From The Irish Fireside, Volume 1, Number 10, September 3, 1883
Shortly before the year 1209, a pestilential disease which raged through Ireland had wasted Dublin. It was therefore deemed necessary to introduce a colony of English settlers from Bristol to repeople the city.
On the Monday in Easter week of that year the new inhabitants had proceeded, in a sportive manner to Cullen's Wood, some two or three miles distant from the city, to amuse themselves with rural pastimes during the holidays. But the mountain septs of the O'Beirnes the O'Tuathils (O'Tooles), who viewed the daily influx of foreigners into their native country with no friendly eye, lay in ambush for the unarmed Bristolians. At a convenient moment they suddenly sprang from their lurking place on the unsuspecting Britons, of whom they slew three hundred, besides a multitude of women and children who had accompanied their friends to partake in their harmless recreations.
The town was soon re-peopled by the citizens of Bristol, by whom the day on which their countrymen had been massacred, was denominated Black-Monday, an appellation which it has retained even to this present hour. During several centuries, the anniversary of this extraordinary event was solemnised by the mayor, sheriffs, and citizens of Dublin, in a very singular and curious manner. Tents were pitched upon the spot where the Bristolians had been slain. A joyous feast ensued, and, in the midst of the banquet, the imaginary enemy was publicly defied by mimic heralds, and warned, at his peril, to forbear from disturbing their revelry.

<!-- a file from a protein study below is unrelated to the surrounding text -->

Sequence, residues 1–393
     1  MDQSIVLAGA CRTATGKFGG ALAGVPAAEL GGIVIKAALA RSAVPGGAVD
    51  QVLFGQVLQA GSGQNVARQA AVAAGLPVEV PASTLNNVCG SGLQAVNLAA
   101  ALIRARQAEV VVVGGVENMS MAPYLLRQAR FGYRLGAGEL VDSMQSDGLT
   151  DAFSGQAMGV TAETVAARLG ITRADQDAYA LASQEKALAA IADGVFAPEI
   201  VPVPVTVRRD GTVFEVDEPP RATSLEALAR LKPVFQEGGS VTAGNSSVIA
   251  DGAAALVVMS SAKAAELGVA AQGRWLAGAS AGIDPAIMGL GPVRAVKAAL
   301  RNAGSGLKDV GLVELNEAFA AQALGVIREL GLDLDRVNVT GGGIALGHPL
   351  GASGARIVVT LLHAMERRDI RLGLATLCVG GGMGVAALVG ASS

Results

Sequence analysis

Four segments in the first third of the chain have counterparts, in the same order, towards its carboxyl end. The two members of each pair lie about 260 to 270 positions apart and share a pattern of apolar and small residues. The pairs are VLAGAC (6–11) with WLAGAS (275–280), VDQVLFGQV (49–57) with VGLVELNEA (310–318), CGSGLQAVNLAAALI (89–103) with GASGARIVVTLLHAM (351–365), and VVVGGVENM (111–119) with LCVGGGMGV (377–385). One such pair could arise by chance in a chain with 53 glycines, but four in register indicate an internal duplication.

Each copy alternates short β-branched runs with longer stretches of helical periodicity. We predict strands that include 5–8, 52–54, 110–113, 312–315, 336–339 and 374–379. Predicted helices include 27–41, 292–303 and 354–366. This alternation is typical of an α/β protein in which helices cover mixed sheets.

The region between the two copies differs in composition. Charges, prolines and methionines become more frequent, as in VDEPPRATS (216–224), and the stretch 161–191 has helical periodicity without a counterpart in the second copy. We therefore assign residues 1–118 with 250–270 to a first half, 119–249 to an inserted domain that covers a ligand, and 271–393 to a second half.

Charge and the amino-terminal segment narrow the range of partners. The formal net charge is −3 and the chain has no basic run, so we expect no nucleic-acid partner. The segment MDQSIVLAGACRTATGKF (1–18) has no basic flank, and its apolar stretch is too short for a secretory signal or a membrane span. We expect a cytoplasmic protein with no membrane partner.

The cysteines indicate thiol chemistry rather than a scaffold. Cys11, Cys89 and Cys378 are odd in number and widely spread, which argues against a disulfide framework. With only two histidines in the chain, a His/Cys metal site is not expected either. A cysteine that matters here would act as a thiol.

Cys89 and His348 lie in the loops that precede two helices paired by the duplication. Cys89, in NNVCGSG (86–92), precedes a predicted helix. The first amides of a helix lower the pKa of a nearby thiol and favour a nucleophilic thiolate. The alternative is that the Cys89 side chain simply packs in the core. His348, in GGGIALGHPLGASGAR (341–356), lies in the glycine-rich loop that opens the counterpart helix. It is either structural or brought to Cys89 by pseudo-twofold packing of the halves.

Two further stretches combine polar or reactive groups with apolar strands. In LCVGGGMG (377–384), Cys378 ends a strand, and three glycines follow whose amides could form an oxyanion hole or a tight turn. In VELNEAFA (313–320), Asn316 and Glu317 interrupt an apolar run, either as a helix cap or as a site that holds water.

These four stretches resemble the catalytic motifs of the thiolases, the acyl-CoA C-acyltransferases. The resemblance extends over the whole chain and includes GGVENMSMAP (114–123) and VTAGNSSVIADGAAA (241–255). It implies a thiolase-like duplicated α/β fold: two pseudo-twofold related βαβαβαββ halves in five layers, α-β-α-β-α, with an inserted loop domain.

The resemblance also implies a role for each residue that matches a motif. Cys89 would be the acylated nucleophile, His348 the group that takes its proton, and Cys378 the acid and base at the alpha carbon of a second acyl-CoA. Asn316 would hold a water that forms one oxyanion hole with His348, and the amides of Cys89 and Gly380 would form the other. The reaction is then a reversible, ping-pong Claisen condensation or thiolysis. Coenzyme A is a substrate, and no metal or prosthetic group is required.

To this magnanimous challenge, thundered forth against the invisible O'Tooles and O'Beirnes, Echo alone replied. In process of time, the singing boys of the cathedral were deputed to utter this defiance ore rotundo, as if even they were fully competent to defend the city against so despicable a foe.
It is traditionally said that the Bristo-Dublinians, abhorring the O'Tuathils and the O'Beirnes, drove many individuals of those septs, innocent as well as guilty, from their native mountains. Some of the O'Tuathils settled near Lisnadill, in the neighbourhood of Armagh, where their posterity, I believe, resides at this hour. Others of the sept settled in Connaught, and in different parts of Ulster.
Such was the origin of Black Monday.
The term Bloody Tuesday seems to have originated with the Irish, who deem that day peculiarly fatal and unfortunate. Limerick was twice won, Wexford surrendered, Waterford besieged, and Dublin sacked upon a Tuesday!